On November 17, 2014, defendant Quality filed a motion to dismiss plaintiffs' FAC pursuant to Federal Rule of Civil Procedure 12(b)(6). Dkt. 22. Defendants Martingale, Chandra, and First American subsequently filed motions to join Quality's motion to dismiss. Dkts. 23-25. Plaintiffs have not filed an opposition.
The Court held a hearing on January 12, 2015. Dkt. 24. At the hearing, pro se plaintiffs represented that they had not filed an opposition because they are in the process of retaining an attorney to represent them in this action. In light of this, the Court advised plaintiffs that, if their attorney made an appearance by January 19, 2015, the Court would grant plaintiffs leave to file an opposition. As of January 20, 2015, however, plaintiffs' counsel has not made the required appearance. Accordingly, having carefully considered the parties' arguments, the Court find and concludes as follows.
II. LEGAL STANDARD
A. Federal Rule of Civil Procedure 12(b)(6)
A Rule 12(b)(6) motion tests the legal sufficiency of the claims asserted in a complaint. "While a complaint attacked by a Rule 12(b)(6) motion to dismiss does not need detailed factual allegations, a plaintiff's obligation to provide the grounds' of his entitlement to relief' requires more than labels and conclusions, and a formulaic recitation of the elements of a cause of action will not do." Bell Atlantic Corp. v. Twombly, 550 U.S. 544, 555 (2007). "[F]actual allegations must be enough to raise a right to relief above the speculative level." Id.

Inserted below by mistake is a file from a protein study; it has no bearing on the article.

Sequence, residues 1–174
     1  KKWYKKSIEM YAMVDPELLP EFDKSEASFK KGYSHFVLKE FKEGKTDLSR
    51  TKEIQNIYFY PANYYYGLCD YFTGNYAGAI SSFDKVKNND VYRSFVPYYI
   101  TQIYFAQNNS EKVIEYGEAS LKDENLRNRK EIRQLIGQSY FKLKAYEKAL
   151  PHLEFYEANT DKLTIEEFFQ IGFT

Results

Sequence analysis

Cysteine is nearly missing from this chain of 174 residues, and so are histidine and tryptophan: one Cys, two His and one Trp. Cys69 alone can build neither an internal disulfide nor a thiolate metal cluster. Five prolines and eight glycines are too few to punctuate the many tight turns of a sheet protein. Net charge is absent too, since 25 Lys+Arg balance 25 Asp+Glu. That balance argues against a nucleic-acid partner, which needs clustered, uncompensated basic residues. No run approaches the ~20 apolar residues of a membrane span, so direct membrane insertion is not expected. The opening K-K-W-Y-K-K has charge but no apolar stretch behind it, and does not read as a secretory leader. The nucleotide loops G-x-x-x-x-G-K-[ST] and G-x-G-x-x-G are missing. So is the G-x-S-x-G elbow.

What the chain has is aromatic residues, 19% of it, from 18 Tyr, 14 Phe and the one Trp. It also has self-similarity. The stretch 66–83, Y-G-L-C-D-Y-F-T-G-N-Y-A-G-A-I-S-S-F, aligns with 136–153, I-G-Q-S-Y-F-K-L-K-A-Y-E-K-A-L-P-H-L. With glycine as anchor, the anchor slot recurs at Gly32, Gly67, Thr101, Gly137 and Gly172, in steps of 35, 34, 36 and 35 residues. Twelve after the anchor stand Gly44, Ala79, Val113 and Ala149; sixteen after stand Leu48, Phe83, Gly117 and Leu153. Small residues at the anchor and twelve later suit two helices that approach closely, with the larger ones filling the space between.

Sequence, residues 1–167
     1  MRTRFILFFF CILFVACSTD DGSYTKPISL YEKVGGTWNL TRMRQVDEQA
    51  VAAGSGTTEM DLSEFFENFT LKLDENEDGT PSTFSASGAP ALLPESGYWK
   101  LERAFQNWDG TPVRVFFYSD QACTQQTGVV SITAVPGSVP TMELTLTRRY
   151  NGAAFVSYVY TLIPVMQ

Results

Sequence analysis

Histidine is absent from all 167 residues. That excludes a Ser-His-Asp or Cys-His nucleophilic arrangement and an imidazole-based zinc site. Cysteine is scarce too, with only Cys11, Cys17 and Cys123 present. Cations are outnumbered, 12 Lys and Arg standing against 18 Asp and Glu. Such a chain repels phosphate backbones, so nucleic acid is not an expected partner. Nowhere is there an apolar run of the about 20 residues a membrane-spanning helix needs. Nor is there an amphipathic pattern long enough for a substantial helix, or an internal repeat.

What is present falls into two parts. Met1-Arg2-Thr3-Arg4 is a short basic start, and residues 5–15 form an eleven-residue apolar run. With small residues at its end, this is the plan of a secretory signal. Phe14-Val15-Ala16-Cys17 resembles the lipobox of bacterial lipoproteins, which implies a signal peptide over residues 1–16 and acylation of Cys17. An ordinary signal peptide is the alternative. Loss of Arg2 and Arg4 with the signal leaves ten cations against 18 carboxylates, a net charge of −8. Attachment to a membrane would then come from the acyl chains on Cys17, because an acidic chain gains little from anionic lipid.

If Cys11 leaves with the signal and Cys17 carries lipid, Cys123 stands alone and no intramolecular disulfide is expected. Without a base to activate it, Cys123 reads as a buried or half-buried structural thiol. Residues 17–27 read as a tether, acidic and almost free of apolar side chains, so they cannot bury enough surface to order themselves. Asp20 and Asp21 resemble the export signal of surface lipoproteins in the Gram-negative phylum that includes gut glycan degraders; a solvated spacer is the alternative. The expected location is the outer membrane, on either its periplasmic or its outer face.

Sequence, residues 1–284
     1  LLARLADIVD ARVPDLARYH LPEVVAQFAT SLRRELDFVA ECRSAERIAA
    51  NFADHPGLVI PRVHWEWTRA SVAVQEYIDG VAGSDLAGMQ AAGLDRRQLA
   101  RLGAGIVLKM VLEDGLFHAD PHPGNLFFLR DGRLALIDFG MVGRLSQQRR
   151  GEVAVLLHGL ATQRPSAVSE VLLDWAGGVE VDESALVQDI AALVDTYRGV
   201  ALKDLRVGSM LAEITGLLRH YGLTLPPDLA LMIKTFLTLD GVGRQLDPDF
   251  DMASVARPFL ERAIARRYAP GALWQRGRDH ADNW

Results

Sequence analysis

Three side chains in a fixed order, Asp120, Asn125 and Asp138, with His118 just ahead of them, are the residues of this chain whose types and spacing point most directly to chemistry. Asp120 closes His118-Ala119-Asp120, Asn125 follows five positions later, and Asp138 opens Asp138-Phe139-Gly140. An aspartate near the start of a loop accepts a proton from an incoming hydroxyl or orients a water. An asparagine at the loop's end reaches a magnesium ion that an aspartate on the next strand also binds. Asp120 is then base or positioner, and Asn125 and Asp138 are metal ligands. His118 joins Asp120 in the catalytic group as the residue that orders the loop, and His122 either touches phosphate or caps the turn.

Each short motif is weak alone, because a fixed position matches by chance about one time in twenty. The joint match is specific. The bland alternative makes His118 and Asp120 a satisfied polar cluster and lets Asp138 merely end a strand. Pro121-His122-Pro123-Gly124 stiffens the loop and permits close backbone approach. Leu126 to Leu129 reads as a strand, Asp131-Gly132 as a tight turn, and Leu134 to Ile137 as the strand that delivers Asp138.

In considering a motion pursuant to Rule 12(b)(6), a court must accept as true all material allegations in the complaint, as well as all reasonable inferences to be drawn from them. Pareto v. F.D.I.C., 139 F.3d 696, 699 (9th Cir. 1998). The complaint must be read in the light most favorable to the nonmoving party. Sprewell v. Golden State Warriors, 266 F.3d 979, 988 (9th Cir. 2001); Parks Sch. of Bus., Inc. v. Symington, 51 F.3d 1480, 1484 (9th Cir. 1995). However, "[i]n keeping with these principles a court considering a motion to dismiss can choose to begin by identifying pleadings that, because they are no more than conclusions, are not entitled to the assumption of truth. While legal conclusions can provide the framework of a complaint, they must be supported by factual allegations." Ashcroft v. Iqbal, 556 U.S. 662, 679 (2009); Moss v. United States Secret Service, 572 F.3d 962, 969 (9th Cir. 2009) ("[F]or a complaint to survive a motion to dismiss, the non-conclusory factual content, ' and reasonable inferences from that content, must be plausibly suggestive of a claim entitling the plaintiff to relief.") (citing Twombly and Iqbal); Sprewell, 266 F.3d at 988; W. Mining Council v. Watt, 643 F.2d 618, 624 (9th Cir. 1981). Ultimately, "[d]etermining whether a complaint states a plausible claim for relief will... be a context-specific task that requires the reviewing court to draw on its judicial experience and common sense." Iqbal, 556 U.S. at 679.